On Thanksgiving Day, millions of homes across the U.S. are filled with the rich scent of roasting turkey.
But not mine.
To experience the euphoric scent of a juicy turkey crisping in the oven, I have to go outside to the side of my house.
There I’ll find an inverted 20-gallon steel trashcan covered in coals. The cold November ground around the trashcan is steaming and sizzling with the heat. The steel in contact with the coals glows red.
And inside that trashcan—yes, my Thanksgiving turkey. But don’t worry: the can has never held any trash.
People think I’m joking when I tell them that every year my family roasts a turkey in a trashcan, but yes, we do.
We start by driving a wooden cross into the ground, lining the ground with foil.
Then the turkey gets impaled on the cross. The trashcan covers the turkey, and coals are placed around the base of the can and on top of the can.
Why do we do that?
Because despite the attention the turkey gets every Thanksgiving, the traditional oven-baked turkey is really not that great. Because we’re fed up with dry turkey. Because we don’t want to wait three hours for a mediocre bird to roast.
My parents found the remedy to all of these problems five years ago at a dinner party.
Turkey was the main dish at the party. And everyone was going crazy for it, they said. It was actually moist and succulent—the gold standard for good turkey.
So my parents asked the hosts how they prepared the impossibly juicy—and slightly smoky—turkey.
The answer: the turkey had been cooked in a trashcan. They got the idea from a friend, who got it from a friend, who got it from a friend…. All of the instructions can be found on www.thetrashcanturkey.com.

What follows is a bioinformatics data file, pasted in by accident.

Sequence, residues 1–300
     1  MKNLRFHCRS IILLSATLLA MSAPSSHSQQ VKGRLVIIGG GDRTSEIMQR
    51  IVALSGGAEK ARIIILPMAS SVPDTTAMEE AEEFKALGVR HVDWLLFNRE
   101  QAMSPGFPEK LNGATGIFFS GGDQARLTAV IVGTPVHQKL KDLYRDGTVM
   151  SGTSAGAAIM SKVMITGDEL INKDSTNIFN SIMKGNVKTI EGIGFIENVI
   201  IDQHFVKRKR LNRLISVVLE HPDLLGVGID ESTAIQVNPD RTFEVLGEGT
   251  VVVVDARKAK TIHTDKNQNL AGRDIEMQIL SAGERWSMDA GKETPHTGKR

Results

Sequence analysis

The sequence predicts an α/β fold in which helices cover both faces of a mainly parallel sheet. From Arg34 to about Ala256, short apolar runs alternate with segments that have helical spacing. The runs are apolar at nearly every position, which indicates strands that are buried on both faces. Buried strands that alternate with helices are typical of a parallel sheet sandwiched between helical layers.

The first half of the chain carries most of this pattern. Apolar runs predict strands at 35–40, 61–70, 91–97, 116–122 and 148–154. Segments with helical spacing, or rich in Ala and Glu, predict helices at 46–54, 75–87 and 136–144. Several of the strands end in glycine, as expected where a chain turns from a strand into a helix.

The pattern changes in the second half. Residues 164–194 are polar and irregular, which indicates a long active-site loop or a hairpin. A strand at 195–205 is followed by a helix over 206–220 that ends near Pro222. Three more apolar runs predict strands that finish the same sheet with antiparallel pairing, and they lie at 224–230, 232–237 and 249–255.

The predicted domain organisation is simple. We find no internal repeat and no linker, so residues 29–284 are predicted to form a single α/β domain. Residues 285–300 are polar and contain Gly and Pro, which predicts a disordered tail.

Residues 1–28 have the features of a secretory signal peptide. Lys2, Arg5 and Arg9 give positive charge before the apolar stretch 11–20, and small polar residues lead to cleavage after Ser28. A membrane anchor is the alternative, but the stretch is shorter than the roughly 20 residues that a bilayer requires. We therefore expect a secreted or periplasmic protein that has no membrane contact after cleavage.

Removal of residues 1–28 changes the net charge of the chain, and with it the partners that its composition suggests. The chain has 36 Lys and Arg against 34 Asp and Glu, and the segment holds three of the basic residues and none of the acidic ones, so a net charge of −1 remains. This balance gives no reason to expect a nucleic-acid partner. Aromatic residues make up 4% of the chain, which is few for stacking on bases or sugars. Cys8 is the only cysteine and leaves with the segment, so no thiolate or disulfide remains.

And ever since that party, my family has been a staunch devotee to the trashcan turkey movement. And I have to say, we have converted at least a handful of families.
I understand the skepticism.
I, too, was doubtful when my parents came home and told me that we would be cooking our turkey in a trashcan for Thanksgiving.
But here’s why you should try it at least once.
You’re going to get a great turkey. It’ll be moist and smoky. We’ve found that this method takes well to brining. The smokiness combined with the succulence and flavor of a good turkey brine is to die for.
And it cooks quickly. I don’t understand why, but the turkey takes significantly less time in the trashcan than in an oven. For example, a 22-pound bird takes two hours and 25 minutes to cook. In an oven, a turkey of that size would take almost six hours.
I mean, it makes sense that the turkey would cook through quickly because the trashcan gets hot. But the turkey doesn’t dry out.
Why on Earth would anyone spend six hours cooking a turkey only for it to turn out dry?
Personally I love the excitement of cooking the turkey outside. It’s much more fun using charcoal—almost like a campfire.
And each time it gets better because of our fine tuning and experimentation. This year, my family is going to add some manzanita leaves to the apparatus to give the turkey some good flavor (in addition to brining).
The set up gets a little more complicated if you want to catch the drippings for gravy. My family lines the wooden cross with foil so that the drippings run down into disposable baking pans. It’s a bit makeshift, but it works well. The gravy will also pick up the great smoky flavor.
Now I understand if you’re hesitant. I’m just a 17-year-old high-school food columnist. I realize that the advice I’m giving sounds bizarre.
But please: I urge you to try the trashcan method at least once. It doesn’t even have to be for Thanksgiving.
The trashcan method is in fact catching on. Men’s Health is an advocate for the method. Just be sure to use an ungalvanized trashcan.
You can use a galvanized trashcan, but it must go through a turkeyless test run first so that the zinc (which gives off potentially dangerous fumes) burns away.
Again, you can find the recipe at www.thetrashcanturkey.com, but I must warn you that the instructions are written in a very unprofessional—verging on redneck—manner. I think it adds to the character. Before you judge them, remind yourself: you’re about to cook a turkey in a trashcan.